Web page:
What happened at Western Michigan University in 2009?
In January, the Gazette profiled a perpetual student at Western. In February, a lawyer gave students at the WSA advice on dealing with the police. The WSA presidential election heated up, while President Dunn discussed creating a medical school and Ken Miller was appointed to another term as Chairman of the Board of Trustees. Former Western President Diether Haenicke wrote a column discussing Bill Ayers' influence in higher education. Attorney General Mike Cox spoke at Kalamazoo College. This blog posted an article on the value of college. A leftist named Willie wrote a smug letter to the Herald.
On February 15, 2009 former President of Western Michigan University Diether Haenicke died. WMU News posted a good summary of his career. This blog posted two roundups of articles on Haenicke. This blog posted a tribute to Doctor Haeknicke, a friend of the WMU College Republicans , discussing some of the wise decisions he made over the years. The video of the Haenicke memorial service is available.
In March, two self-described former terrorists spoke at Western. The media reported on the event. Some students campaigned to ban the 'R' word (retarded). Ed Rivet spoke to Students for Life on America First Day.
In April, a free-market economist spoke at Western. SSE hosted a libertarian-leaning speaker at Western. Feminists spread more lies at their Take back the Night event. A Western professor was Rethinking Marxism.
The WSA had a contested Presidential election, which made it look even more ridiculous than usual. The election was stolen, whether by malice or incompetence. The results were later overturned. The result hinged on a misunderstanding of the definition of the word 'majority'.
Over the summer, this blog posted a number of articles questioning the structure of college. Room and board rates increased. Western spent money building columns. The Herald announced that it was cutting its publishing to twice a week. The police caught a stupid criminal at Western. Michigan State University allowed concealed weapons on campus. Western's part-time instructors voted to unionize. The Board of Trustees hiked tuition by 5.7% and voted to expand the business park into the Colony Farm Orchard. The Gazette profiled a WMU student who escaped Muslims in Sudan. The electronic door locks malfunctioned. Western's sculptures were 'recognized'. The Colony Farm plan advanced in the legislature. The EcoMug program was revived.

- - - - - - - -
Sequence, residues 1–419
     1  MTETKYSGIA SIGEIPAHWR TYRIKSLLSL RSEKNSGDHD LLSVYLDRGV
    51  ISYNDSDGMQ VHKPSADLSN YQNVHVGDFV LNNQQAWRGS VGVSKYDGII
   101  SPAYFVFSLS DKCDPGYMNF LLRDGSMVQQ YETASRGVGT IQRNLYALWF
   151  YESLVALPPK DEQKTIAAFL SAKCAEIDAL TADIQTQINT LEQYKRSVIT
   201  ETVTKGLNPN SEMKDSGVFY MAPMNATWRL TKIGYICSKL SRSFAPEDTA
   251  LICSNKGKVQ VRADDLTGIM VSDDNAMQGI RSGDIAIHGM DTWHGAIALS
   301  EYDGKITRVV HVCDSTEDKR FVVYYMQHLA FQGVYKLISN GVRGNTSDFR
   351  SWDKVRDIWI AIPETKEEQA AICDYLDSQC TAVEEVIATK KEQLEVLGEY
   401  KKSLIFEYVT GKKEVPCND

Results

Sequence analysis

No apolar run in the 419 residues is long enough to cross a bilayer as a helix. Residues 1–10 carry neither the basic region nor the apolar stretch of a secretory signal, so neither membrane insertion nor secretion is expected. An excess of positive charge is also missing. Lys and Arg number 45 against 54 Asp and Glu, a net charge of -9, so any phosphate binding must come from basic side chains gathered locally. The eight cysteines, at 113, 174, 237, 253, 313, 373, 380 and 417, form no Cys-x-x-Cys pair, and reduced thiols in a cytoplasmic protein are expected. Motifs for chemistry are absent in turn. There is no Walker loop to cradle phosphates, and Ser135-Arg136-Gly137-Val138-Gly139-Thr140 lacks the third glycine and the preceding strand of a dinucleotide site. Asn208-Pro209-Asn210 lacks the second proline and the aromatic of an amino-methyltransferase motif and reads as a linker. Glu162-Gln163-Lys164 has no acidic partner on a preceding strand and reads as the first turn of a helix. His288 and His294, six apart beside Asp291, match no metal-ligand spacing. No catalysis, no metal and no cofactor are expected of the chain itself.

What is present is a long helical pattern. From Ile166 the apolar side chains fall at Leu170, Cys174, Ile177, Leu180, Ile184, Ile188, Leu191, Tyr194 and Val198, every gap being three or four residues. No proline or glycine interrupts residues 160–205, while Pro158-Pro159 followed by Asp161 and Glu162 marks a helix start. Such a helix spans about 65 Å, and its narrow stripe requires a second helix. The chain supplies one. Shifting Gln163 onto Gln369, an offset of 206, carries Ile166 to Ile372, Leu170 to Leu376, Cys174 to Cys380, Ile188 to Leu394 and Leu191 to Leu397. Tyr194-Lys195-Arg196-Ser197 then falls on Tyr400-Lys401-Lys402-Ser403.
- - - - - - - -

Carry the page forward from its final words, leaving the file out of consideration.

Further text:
Local elites, including Ken Miller, the Chairman of the Board of Trustees, began discussing plans to build a new arena in downtown Kalamazoo , and possibly move WMU Basketball and Hockey games there. The Gazette published several articles casting further doubt on the viability of the arena proposal. Still more information on the arena plan surfaced.
As the new academic year began, Western thought about security. Western remembered 9/11. Enrollment declined. President Dunn discussed creating a medical school at Western. Western ramped up measures to deal with swine flu. Peter Wielhouwer spoke on Christianity and politics. Rebecca Kiesling spoke to Students for Life about being conceived by rape.
In November, Governor Granholm visited Western to promote raising taxes. Western opened a center funded by communist China. The Arcus Foundation funded a center at Kalamazoo College. KVCC moved to create a police force. A Herald editorial raised questions about the Confucius Center. Former WSA President Chris Praedel announced he was running for state house.
2008: The Year at Western
2007: The Year at Western
2006: The Year at Western